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Assumption Of Risk


Generally If the plaintiff had knowledge of and voluntarily assumed an unreasonable risk that the defendant created, the plaintiff is barred from any recovery. There are two types of assumption of risk:

1. Express Assumption of Risk The plaintiff may explicitly agree with the defendant, in advance of being injured, not to hold the defendant liable for any injuries. Express agreements will be enforced unless they are contrary to public policy. Public policy issues to consider:

a. The relative bargaining power of the plaintiff and the defendant.
Whether the waiver of liability was apparent to the plaintiff, or would have been apparent to a reasonable person.
The scope of the waiver, e., a waiver of liability for negligence will not waive liability for grossly negligent or intentionally tortious conduct.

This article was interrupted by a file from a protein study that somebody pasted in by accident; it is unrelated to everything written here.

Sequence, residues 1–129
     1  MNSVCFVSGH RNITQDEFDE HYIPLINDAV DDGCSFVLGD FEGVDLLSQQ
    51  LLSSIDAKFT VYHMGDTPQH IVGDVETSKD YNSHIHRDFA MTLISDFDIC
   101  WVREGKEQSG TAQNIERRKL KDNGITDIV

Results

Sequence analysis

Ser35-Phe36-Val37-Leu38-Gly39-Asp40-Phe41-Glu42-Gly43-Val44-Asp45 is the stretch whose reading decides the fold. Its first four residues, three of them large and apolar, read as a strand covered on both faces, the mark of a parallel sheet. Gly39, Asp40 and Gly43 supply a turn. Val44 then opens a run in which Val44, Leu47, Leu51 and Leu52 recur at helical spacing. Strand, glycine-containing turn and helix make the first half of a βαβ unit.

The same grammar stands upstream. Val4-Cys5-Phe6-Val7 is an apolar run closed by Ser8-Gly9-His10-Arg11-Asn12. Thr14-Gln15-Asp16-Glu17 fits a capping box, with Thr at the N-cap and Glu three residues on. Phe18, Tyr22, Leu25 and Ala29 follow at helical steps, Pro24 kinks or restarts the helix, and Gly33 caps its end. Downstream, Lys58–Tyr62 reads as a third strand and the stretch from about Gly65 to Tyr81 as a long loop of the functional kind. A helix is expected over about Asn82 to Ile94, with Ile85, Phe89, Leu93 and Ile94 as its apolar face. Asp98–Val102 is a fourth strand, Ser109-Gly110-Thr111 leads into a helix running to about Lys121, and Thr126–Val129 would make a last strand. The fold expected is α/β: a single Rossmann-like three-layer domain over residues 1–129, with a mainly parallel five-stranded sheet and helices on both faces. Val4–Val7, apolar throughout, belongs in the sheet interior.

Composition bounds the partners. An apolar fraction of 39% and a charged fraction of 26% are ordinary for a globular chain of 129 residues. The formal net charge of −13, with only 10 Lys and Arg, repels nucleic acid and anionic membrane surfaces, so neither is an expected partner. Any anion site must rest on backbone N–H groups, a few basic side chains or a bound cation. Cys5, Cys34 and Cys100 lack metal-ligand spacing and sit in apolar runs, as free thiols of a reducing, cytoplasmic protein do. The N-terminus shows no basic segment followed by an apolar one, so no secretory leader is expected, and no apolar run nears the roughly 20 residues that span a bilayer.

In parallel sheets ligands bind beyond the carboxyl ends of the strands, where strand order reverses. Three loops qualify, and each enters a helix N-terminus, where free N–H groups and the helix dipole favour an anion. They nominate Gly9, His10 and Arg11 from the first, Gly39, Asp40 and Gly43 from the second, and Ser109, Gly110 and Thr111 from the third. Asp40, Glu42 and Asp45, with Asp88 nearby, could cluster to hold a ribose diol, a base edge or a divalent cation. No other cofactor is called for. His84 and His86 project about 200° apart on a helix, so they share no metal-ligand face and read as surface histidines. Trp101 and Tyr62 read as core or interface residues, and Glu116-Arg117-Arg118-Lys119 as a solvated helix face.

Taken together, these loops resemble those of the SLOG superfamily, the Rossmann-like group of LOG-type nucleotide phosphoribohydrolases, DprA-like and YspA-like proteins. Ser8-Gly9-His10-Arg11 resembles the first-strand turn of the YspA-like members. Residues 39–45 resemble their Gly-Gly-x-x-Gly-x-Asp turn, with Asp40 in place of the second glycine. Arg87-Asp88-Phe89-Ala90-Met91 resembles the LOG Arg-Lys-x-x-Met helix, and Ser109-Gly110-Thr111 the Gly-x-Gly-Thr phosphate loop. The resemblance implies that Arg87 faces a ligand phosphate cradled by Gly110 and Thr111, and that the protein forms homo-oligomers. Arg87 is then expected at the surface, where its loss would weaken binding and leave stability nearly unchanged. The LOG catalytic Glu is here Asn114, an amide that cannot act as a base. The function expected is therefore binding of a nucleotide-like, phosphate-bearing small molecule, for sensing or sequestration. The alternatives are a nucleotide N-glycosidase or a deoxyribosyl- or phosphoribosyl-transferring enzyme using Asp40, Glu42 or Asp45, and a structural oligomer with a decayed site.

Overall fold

2. Implied Assumption of Risk Even in the absence of an express agreement, a plaintiff can still assume the risk if:

the plaintiff knows of the risk, and

the plaintiff’s actions imply a voluntary assumption of the risk.


Spectators are held to impliedly assume certain risks when they go to a sporting event and are injured as a natural and foreseeable result of the sport.
Firefighters and police officers cannot sue for injuries sustained in their lines of work since they knowingly and voluntarily undertake the risk.


Limitation on Assumption of Risk

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